Now it’s the time for India to get lucky. The reason being the declaration on Wednesday by American Digital company PayPal about launching their domestic operations in India, and the announcement taking place exactly after the shock of demonetization, interestingly. Until now, the account was only meant for receiving money from abroad but not for purchases. But now, the Elon Musk-founded company has started operations with a chosen group of merchants enlisting names like Yatra, BookMyShow, MakeMyTrip, PayPal to WebMoney and PVR. Also, it is in discussions with several other merchants and plans to scale up operations shortly.
In lieu of this launch, PayPal India MD Anupam Pahuja regarded that the company has not yet decided on having any digital wallet in India. However, it has been working towards facilitating working capital for small businesses, peer-to-peer transactions and remittances as well.
Now coupling this launch with the demonetization anniversary, PayPal GM (Asia-Pacific) Rohan Mahadevan regarded that, “India’s digital payments journey is on a high-growth trajectory and we are proud to be a part of it.”
The main purpose of this Domestic Payments Service:
Pahuja stated that to serve the purpose of serving the Indian customers, PayPal has set up its customer service in India with multi-lingual support capabilities and set up of an on-ground sales team to drive the customer engagement and education. PayPal has gained prominence in India within freelancers and small service providers to global clients for more than a decade now.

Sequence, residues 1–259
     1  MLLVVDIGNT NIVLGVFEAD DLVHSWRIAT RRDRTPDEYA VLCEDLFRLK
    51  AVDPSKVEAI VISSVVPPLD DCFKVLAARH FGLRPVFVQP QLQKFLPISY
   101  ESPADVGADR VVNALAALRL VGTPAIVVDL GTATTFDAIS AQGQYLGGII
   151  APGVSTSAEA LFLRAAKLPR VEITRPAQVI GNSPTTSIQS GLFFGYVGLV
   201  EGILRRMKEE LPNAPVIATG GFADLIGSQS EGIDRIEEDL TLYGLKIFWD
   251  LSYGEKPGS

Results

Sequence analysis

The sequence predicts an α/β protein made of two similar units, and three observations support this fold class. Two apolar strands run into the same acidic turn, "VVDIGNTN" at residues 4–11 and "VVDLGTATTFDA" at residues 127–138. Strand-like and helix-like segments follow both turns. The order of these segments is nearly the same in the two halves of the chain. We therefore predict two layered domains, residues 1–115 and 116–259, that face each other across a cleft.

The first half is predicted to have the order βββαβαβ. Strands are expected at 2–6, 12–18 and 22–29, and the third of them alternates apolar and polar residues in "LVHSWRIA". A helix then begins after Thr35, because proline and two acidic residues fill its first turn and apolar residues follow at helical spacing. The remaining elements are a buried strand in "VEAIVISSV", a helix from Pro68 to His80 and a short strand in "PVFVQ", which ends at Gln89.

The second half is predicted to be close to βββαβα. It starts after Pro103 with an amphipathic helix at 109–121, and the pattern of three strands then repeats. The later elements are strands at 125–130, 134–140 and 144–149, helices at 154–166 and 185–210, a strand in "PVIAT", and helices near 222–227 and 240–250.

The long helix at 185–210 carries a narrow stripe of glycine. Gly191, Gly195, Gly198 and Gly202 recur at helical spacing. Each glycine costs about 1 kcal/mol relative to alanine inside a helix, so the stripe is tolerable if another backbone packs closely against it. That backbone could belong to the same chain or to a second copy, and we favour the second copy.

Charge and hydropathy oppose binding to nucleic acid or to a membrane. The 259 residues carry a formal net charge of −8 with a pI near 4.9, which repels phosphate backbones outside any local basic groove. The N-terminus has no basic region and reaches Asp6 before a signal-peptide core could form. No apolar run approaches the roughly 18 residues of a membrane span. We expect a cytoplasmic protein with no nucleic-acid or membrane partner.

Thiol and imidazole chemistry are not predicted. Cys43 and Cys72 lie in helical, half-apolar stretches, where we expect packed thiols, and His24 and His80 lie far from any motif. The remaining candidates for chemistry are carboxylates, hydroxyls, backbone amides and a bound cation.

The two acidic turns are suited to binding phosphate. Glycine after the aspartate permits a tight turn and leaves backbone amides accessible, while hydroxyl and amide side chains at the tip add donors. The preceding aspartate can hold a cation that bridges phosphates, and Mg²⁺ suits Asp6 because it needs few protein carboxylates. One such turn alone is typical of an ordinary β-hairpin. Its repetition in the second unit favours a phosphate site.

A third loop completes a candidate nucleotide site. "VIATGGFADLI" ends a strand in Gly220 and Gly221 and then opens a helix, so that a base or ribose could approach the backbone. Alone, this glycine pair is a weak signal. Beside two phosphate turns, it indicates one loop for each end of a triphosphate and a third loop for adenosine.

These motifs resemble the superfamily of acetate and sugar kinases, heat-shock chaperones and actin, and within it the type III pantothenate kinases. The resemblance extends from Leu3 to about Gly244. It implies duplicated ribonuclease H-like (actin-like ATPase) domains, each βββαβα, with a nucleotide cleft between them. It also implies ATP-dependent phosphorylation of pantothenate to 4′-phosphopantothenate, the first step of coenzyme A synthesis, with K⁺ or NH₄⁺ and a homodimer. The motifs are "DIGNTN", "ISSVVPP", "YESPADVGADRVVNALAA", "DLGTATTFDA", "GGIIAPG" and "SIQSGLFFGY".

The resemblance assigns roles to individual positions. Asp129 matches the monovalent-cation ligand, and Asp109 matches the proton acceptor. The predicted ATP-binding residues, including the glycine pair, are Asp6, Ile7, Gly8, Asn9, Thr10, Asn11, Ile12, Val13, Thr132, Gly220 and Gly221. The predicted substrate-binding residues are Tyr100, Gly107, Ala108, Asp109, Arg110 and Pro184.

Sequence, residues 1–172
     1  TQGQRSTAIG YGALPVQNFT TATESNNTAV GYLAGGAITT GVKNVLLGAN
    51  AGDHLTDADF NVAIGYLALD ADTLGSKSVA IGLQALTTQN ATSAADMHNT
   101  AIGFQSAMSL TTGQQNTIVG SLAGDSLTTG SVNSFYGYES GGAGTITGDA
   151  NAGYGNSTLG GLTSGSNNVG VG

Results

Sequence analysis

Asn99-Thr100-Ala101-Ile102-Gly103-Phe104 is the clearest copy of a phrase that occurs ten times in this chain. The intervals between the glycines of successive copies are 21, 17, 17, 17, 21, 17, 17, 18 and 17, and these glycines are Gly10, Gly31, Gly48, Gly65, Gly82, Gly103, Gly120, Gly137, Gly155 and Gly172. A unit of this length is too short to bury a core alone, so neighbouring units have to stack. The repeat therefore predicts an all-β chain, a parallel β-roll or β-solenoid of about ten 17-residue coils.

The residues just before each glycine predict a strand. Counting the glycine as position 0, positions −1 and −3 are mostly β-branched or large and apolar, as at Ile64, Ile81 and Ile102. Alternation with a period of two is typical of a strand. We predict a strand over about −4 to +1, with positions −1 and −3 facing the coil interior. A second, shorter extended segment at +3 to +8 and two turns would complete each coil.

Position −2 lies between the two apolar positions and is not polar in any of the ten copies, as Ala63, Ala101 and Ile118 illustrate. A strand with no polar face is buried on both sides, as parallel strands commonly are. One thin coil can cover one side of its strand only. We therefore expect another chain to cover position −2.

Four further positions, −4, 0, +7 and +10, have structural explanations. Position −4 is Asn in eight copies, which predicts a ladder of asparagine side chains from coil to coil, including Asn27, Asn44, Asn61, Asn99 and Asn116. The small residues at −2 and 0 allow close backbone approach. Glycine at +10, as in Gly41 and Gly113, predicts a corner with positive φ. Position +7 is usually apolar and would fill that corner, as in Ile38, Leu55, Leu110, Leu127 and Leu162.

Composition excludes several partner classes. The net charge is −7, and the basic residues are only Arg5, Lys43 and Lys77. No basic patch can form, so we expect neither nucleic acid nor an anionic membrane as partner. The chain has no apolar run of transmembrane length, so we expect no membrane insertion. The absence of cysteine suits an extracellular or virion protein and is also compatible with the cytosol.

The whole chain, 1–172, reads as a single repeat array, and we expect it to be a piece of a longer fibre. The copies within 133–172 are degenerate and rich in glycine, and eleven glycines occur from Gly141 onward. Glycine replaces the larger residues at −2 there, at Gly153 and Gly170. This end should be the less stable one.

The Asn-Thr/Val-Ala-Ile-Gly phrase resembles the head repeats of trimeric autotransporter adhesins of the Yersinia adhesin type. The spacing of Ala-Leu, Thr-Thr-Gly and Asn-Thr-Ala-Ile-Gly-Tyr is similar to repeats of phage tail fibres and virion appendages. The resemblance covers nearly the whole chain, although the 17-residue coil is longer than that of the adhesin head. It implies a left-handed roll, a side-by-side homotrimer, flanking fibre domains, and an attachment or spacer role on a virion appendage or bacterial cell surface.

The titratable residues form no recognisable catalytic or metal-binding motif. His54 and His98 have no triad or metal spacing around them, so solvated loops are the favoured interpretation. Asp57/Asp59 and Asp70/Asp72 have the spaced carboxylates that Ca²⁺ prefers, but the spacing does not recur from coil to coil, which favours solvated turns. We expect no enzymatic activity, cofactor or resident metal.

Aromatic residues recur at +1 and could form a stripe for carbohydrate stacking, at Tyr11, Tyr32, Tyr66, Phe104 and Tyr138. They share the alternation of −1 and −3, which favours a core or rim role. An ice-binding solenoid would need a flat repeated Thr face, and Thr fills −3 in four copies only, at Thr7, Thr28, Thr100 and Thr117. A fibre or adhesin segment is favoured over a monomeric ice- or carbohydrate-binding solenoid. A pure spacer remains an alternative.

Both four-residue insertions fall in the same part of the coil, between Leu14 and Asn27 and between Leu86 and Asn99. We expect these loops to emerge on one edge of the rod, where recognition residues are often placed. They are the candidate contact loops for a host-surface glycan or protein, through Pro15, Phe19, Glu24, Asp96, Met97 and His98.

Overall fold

Basically, PayPal is being initiated in India with its dispute resolution process, which has been its unique selling proposition. This, in turn, enables buyers to claim refunds up to 180 days from the date of the transaction. To this, Pahuja added that “We also provide Seller Protection for merchants for their local and overseas payments”.
While the launch in India allows the account holders to make purchases via PayPal, Indian laws require all export-related remittances to be credited to the exporters’ bank account in India. This means that exporters cannot use the proceeds of their sale to make international purchases. A PayPal user can add a card, either debit or credit, to purchase locally or globally across 18 million merchants and 200 countries.